Any Body Can President Billy Moore, 62, works with 5-year-old Xavier Allen during a session at the nonprofit organization’s gym in the Southeastern San Diego neighborhood of Stockton. — John R. McCutchen
SAN DIEGO — Billy Moore’s attempts to carry on his famous father’s work helping impoverished San Diego youths has gone through many fits and starts over the years.
Moore, the 62-year-old son of late boxing champion Archie Moore, has struggled to get his Any Body Can nonprofit on firm footing. But the organization, which has operated on and off for decades under different names and at different locations, appears like it finally has the support and infrastructure to make it, and possibly expand, in the long term.
Over the past year, Moore and his new partner, Dr. Bob Murad, have raised $400,000, assembled a 15-member board of directors and added a library and education component to what, for years, was exclusively a boxing gym. The organization’s new focus includes building relationships with local schools to provide an outlet for children who want to avoid gangs.
“The goal is to teach youngsters how to step off in life with their best foot forward, without cowardice but with courage and dignity,” Moore said. “People don’t realize it, but this gang stuff is big business. If kids don’t have the courage and the dignity to stand up, then people will recruit them.”
Any Body Can was started by Archie Moore under the moniker Any Boy Can more than four decades ago. Billy Moore took over in the 1990s, once running the program out of his backyard. It currently operates out of a 1,300-square-foot facility at 3131 Market St. in the southeastern San Diego neighborhood of Stockton.
There are about 50 kids between the ages of 7 and 17 who regularly participate in the program, Moore said.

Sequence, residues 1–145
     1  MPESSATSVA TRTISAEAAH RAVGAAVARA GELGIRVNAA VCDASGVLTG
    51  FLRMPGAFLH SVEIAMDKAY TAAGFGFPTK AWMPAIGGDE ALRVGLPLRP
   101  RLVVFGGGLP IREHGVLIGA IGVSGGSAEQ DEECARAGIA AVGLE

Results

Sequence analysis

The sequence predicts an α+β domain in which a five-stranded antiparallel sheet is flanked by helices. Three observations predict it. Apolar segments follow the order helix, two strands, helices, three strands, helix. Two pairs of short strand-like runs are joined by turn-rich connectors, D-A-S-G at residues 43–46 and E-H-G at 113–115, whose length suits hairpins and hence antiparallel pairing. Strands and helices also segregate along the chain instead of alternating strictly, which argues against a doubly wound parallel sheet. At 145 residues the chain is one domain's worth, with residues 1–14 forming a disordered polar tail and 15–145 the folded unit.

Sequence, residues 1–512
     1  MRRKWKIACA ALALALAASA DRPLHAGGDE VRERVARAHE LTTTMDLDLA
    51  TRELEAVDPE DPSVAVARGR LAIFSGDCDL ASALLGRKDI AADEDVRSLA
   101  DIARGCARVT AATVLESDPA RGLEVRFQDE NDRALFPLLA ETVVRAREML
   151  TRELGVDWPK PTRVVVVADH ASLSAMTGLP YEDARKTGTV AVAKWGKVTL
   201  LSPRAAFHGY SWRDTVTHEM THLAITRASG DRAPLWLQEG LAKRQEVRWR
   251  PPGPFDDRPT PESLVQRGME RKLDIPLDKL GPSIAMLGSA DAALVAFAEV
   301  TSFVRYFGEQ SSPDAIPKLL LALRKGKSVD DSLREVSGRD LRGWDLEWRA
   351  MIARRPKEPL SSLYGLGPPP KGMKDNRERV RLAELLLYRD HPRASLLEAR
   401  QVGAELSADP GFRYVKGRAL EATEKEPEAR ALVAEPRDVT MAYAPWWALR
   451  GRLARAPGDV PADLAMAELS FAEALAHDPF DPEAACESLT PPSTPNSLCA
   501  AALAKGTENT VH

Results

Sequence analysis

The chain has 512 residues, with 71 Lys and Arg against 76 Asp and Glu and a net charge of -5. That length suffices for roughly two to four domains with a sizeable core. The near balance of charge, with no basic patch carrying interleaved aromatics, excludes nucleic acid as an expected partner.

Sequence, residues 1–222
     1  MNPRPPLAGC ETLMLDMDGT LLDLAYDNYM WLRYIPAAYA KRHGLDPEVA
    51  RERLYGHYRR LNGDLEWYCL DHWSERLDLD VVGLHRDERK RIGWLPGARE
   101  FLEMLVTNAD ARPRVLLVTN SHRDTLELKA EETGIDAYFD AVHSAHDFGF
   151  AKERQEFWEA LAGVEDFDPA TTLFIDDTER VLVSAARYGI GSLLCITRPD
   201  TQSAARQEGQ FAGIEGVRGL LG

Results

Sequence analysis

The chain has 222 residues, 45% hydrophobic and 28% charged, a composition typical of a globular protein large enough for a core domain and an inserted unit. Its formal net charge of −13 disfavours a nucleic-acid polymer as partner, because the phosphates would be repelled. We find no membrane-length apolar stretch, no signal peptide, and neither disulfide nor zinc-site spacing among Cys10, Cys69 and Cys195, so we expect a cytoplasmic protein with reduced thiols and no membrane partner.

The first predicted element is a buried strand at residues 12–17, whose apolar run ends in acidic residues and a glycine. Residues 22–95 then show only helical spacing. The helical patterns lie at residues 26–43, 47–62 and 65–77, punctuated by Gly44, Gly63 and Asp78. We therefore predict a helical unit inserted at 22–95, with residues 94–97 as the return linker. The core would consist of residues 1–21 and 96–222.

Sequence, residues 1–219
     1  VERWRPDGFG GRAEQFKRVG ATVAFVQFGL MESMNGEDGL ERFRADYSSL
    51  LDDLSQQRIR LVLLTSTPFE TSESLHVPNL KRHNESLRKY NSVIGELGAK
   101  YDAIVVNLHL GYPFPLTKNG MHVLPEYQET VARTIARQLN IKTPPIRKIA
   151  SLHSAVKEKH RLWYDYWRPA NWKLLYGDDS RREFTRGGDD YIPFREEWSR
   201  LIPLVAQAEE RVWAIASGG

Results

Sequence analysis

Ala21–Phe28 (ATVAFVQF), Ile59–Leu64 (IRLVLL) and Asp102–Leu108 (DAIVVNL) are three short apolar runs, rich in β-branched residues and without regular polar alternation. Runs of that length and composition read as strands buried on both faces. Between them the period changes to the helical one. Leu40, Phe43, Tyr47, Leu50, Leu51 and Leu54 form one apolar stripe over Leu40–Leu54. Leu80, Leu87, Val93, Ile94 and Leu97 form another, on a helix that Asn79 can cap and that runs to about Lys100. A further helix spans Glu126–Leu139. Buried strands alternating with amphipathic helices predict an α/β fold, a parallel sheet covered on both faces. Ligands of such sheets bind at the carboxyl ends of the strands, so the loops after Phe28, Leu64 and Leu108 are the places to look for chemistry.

A year ago, things weren’t going so well.
Moore was working odd construction jobs during the day just to pay the facility’s rent, and he was barely keeping the organization going in his free time, Murad said. But everything changed when Moore teamed with Murad, who practices internal medicine at Scripps Clinic.
The pair successfully solicited a six-figure donation from car dealer Lou Grubb to fix up the Market Street gym and turn it into a “model home.” Murad’s wife Amy, a teacher, came on to build an educational component. She is now in charge of the new learning center.
In the meantime, Murad has recruited the financial assistance and know-how of several of his patients, and the organization now has $200,000 in the bank, he said. A second location is planned for the Riverside County city of Hemet, based on the conceptual model built over the past 12 months.
“We have a very good plan,” Murad said. “We know where we’re going.”
And momentum is building. Designs are in place to relocate into a bigger facility by January, and the nonprofit will unveil a refined after-school program with more adult mentors, Murad said.
Moore and Murad also said they have been encouraged to apply for federal money through the Community Development Block Grant program, a potential game-changer should they succeed.
City officials are beginning to notice their work.
Councilman David Alvarez was among those who attended a recent open house at the Market Street facility to witness a demonstration of Moore’s brand of discipline.
“There are not enough good things in this community, and this is one of them,” Alvarez told a packed house of parents, kids and staff members on Oct. 27. “The media and general public, they only tell the bad stories. They don’t tell the good stories, and we have a good story here today.”
Source (Written by Nathan Max, San Diego Union-Tribune, November 3, 2011).